March is Women’s History Month and the perfect time to talk about sexism in the workplace. Sex-based discrimination on the job is a real concern for New Mexican women. It’s also considered a civil rights violation under Title VII of the Civil Rights Act of 1964.
Just how many women experience inequity in the workplace? According to data from Pew Research, about four in ten working women have faced gender-based discrimination. Discrimination comes in many forms, including earning less than male counterparts to being passed over for a promotion.
If you believe you’re the victim of sexism in the workplace, you have legal options. Working with an experienced civil rights attorney can get you the resolution you seek.
What is sex-based discrimination?
Sex-based discrimination in the workforce takes on many forms, according to the U.S. Equal Employment Opportunity Commission (EEOC). It includes firing, fringe benefits, hiring, job assignments, layoffs, promotions, and salary.
Sexism in the workplace also includes sexual harassment. Women subjected to unwelcome sexual advances – verbal or physical – have a legitimate complaint. Offensive remarks about your sexual orientation, gender identity, or pregnancy status also fall into this category.
What constitutes a hostile work environment in New Mexico?
Sometimes sex-based discrimination is so severe it creates a hostile work environment. New Mexico Statute 28-1-7 (2018) defines when sexism in the workplace crosses that line. Herald v. Bd. Of Regents of the Univ. of New Mexico is an example of sex-based discrimination turning a workplace hostile. The presiding judge in the case rules in the defendant’s favor based on three claims:
- Disparate treatment.
- Sex discrimination.
There are several signs that a workplace has become antagonistic. Any time you feel uncomfortable, scared, or intimidated by unwelcome conduct from coworkers or supervisors, your workplace meets the legal definition of hostile.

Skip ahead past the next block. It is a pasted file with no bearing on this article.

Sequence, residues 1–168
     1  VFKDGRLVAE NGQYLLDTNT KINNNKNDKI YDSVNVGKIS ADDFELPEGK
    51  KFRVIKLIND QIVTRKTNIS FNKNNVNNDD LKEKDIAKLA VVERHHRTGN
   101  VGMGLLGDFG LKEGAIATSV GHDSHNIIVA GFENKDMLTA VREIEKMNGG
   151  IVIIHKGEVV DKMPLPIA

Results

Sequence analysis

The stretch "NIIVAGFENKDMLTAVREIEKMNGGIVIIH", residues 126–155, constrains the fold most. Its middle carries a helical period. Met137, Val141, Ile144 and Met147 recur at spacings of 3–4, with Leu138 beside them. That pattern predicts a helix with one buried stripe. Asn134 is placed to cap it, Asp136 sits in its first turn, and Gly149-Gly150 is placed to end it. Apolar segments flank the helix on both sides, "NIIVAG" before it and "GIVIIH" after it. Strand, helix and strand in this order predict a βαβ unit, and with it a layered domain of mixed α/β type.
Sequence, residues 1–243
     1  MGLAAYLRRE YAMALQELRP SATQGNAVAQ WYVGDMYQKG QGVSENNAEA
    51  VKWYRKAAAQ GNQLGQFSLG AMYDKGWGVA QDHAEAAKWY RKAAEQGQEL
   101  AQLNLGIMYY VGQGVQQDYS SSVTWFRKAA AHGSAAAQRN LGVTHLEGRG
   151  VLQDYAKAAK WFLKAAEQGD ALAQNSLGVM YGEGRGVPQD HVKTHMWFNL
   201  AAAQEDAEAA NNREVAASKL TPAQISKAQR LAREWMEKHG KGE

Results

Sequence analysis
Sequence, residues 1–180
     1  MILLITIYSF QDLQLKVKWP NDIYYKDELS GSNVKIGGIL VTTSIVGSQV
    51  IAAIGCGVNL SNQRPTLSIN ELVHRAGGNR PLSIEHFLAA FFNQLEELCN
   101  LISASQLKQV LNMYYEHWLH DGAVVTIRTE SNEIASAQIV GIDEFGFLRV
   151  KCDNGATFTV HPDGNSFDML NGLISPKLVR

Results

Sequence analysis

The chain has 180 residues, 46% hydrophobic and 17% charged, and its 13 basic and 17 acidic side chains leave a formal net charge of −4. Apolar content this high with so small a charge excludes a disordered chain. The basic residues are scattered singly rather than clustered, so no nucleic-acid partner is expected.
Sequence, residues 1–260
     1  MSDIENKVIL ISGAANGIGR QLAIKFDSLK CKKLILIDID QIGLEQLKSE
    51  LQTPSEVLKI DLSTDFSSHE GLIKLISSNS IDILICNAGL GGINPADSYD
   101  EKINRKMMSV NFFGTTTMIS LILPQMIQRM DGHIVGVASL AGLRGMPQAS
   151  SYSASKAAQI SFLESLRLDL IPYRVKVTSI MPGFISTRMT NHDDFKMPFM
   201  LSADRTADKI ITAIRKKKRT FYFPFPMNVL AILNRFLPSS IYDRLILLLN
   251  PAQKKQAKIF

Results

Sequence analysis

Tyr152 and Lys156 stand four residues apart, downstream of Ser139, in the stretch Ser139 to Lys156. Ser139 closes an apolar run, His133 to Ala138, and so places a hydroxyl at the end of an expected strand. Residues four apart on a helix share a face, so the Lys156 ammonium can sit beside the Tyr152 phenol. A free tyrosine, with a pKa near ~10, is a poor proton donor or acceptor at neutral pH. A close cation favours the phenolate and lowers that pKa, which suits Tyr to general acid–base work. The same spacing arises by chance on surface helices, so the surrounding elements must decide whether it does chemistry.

How to prove sex discrimination
When it comes to proving sex discrimination in the workplace, it always comes down to the decision maker’s intent. Can you support your claim that you were overlooked for a promotion or fired from your job based solely on the thinking of the person in charge of the situation? How do you prove what’s inside another person’s head, guiding their choices?
There may be signs and supporting evidence of a person’s intent. Let’s say your boss repeatedly passes you over for a promotion, even though you have more experience and qualifications than the male colleague he instead advances. A pattern of behavior counts as intent. Here’s how you take circumstantial evidence and build your case:
- Provide evidence you are in a protected class.
- Provide evidence you were qualified for the promotion.
- Provide evidence you didn’t get the promotion.
- Provide evidence the employer promoted someone not in your protected class or left the position unfilled.
There are other kinds of anecdotal evidence you can use to support your case. Maybe your supervisor makes negative, offhand remarks about mothers who work outside the home. Document this kind of behavior. It may be useful if you pursue a gender discrimination case.
Filing a sex discrimination claim in New Mexico
If you’ve decided to pursue a gender bias claim against your employer, speaking to an experienced civil rights attorney is the first crucial step. Your attorney can help you decide whether you should file your complaint with the New Mexico Human Rights Bureau or the EEOC. The two agencies have a work-sharing agreement, allowing them to cooperate with each other to process claims.
Acting fast in sex discrimination cases is required under New Mexico Statutes. You have 180 days from the time you believe you were discriminated against for state filing and 300 days for federal filing (EEOC). While it’s not necessary to have an attorney to file a claim with either agency, it is highly recommended.
You also have the option of filing a federal civil rights lawsuit against the offender in a sex discrimination case. Consulting with a civil rights attorney helps you identify if this is the best course of action. Some employment contracts call for mandated mediation with an employer before legal action can be pursued. Your attorney can review your case and provide guidance based on your unique situation.
You don’t have to tolerate sexism at work
Sexist attitudes and practices have no place in the 21st century workforce. You don’t have to tolerate sex discrimination that causes a hostile workplace. Part of challenging this kind of toxic workplace culture includes legal recourse.
Reach out to the experienced civil rights attorneys at Cameron and Russell to schedule your case evaluation. We’ll help you rid your office of gender bias so you can get back to working hard.